The book, “Return to Laughter” is an ethnographical work of fiction based on the experiences of Laura Bohannan, an American anthropologist who spent time in the African bush living with and studying the Tiv tribe.

The book is written under the pen name Elenore Smith Bowen. Although the author does not specifically state how they come about doing the research, throughout the book certain elements give clues as to how they came to do the ethnography.In particular, we learn that the author is an anthropologist studying in graduate school and the underlying assumption is that the research is part of her studies for graduate school (Bowen 1954: 4). This can also be inferred, as it is typical for members of the profession to go away and study a culture before they can fully be accepted as an anthropologist by other members in the profession (Van Maanen 1995: 21).

Other hints to support this are given by the mention of Mr.Sackerton, the administrative individual who helped her to secure the position within the tribe (Bowen 1954: 1). In addition, the book mentions seasoned anthropology professors who give her advice about what to expect when going abroad to study another culture (Bowen 1954: 4). Similar to the reasoning behind undertaking the research, the theoretical and practical impetus of the study is not clearly defined in the text.From the information given, it can be deduced that she is not the first individual to live with and study the Kako homestead and nearby regions (Bowen 1954: 4). It is mentioned that Mr. Sackerton has explained her presence in the homestead by stating a desire to learn the language, and this does come into play throughout the book many times as she persistently practices and improves her knowledge of the language (Bowen 1954: 1).

Although this may be one practical impetus to the research, it is likely not the main one.In addition, elements of foreshadowing throughout the book indicate that the Bohannan has some information about the tribe, which suggests that she may be adding to the work of another individual who studied the same tribe or a nearby one. A likely explanation is that the author has the theoretical impetus of conducting an ethnography in order to learn more about a different culture and further build upon any knowledge that already exists about the tribe, along with the practical impetus of learning their language and gaining further accreditation as an anthropologist within the anthropological community.The final product of the research, namely this book, is a fictitious form of an ethnography, which prevents it from neatly being categorized into one of the common forms of ethnographical writing. It can be assumed that the author intended a general audience, rather than a collegial audience, as she presented her research through a fiction novel, which would appeal more to general readers rather than professionals in the field (Van Maanen 1988: 31). The author has combined elements of both a realist ethnography and a confessional ethnography in the final product (Van Maanen 1988: 45, 73).The elements taken from realist ethnographies include her attention to minute details of the lives of the individuals being studied, and the material being organized according to topics, although not clearly delimited. In addition, the author speaks with a generally authoritative tone, not allowing for other interpretations for what she presents (Van Maanen 1988: 48, 51).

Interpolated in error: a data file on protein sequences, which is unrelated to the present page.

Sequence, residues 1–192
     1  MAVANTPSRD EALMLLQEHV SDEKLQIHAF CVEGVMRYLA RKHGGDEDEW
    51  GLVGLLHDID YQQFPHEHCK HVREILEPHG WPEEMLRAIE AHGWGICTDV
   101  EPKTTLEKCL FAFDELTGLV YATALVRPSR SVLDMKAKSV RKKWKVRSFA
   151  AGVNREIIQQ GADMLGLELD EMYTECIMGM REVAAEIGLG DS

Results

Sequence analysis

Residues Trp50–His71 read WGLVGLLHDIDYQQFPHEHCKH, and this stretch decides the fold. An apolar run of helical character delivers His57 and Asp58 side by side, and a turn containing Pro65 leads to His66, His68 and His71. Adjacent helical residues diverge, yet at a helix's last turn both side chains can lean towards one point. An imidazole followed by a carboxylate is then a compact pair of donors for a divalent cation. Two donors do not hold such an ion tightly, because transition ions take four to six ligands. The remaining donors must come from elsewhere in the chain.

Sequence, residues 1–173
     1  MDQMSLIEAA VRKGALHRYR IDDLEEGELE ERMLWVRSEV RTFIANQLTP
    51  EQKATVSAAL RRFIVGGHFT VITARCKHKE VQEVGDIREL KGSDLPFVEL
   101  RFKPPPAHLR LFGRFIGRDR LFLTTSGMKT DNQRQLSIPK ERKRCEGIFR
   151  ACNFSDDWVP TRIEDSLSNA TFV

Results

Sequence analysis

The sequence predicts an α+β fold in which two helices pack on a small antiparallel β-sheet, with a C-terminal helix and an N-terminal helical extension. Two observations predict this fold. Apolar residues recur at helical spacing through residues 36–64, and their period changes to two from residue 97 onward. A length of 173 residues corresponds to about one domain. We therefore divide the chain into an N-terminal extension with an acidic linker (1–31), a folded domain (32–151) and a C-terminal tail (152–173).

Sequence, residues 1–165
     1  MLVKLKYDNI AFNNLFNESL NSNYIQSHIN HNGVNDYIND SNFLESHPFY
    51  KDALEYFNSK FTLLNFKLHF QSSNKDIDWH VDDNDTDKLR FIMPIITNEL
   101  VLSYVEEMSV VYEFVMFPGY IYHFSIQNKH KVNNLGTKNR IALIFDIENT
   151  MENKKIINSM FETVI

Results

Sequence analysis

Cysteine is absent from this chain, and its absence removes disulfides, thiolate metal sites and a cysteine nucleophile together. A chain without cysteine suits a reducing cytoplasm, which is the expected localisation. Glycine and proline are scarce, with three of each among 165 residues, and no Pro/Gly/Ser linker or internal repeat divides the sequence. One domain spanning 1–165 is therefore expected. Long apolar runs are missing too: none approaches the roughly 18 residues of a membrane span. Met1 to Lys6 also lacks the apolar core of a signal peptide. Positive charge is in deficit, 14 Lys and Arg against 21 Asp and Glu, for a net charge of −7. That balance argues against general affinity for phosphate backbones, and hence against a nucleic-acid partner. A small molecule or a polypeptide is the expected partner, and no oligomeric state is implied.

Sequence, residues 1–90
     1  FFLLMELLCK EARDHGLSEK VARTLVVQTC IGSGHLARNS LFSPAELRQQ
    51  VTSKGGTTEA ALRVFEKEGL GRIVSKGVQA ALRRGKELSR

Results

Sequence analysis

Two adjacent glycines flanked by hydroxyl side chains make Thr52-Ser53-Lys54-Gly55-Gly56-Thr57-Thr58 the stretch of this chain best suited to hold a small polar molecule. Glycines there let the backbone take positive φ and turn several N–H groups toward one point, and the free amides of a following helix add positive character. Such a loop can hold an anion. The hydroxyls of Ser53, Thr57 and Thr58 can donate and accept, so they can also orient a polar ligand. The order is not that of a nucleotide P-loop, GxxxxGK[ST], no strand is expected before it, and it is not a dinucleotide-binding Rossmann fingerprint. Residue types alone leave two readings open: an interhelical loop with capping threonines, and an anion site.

Elements of the confessional tale dominate throughout the ethnography as she presents the work in first-person narrative, uses highly personalized styles and self-absorbed mandates.In addition, the ethnography is filled with stories and fables of her fieldwork rapport, melodramas of the hardships encountered and descriptions of how the fieldwork affected her as the fieldworker (Van Maanen 1988: 73, 75, 77). An example that includes all these elements of a confessional ethnography is the effect that the tribe’s belief in witchcraft had on her as an individual during her last few days in the bush (Bowen 1954: 231). Ethical Implications:Ethical implications involved in the study include the lack of participant consents (Ethical Considerations in Ethnography, Observational Research, and Narrative Inquiry n. d. ). Although the anthropologist may have received consent from participants prior to conducting the study, especially from the head of the tribe, Chief Kako, she fails to mention receiving consent from the other members of the tribe from whom she gains the majority of her information.

In addition, events during the book suggest that the participants in the study are not necessarily aware of her role in the bush.In particular, one such example is Atakpa’s explanation that she expects Bohannan to still be living in the bush with them thirteen years later in order to purchase her namesake’s first cloth (Bowen 1954:76). The author’s personal biases come out though the text showing another topic of ethical concern (Bresler 1996). Towards the end of the book, the author has thoroughly engrained herself into the culture of the Tiv tribe and has difficulty distancing herself from her professional work (Bowen 1954: 243).As a result, a duality emerges within her, which reveals the superiority that she feels about her culture in comparison to the culture that she is studying. As a clear example, she repeatedly calls them savages and refers to their primitive understanding and way of life as something that she needs to keep a distance from (Bowen 1954: 232).

This brings about a major ethical concern in not only this anthropological work, but also many other ethnographies where the author’s biases or feelings of superiority affect the representation of the culture that they are studying.


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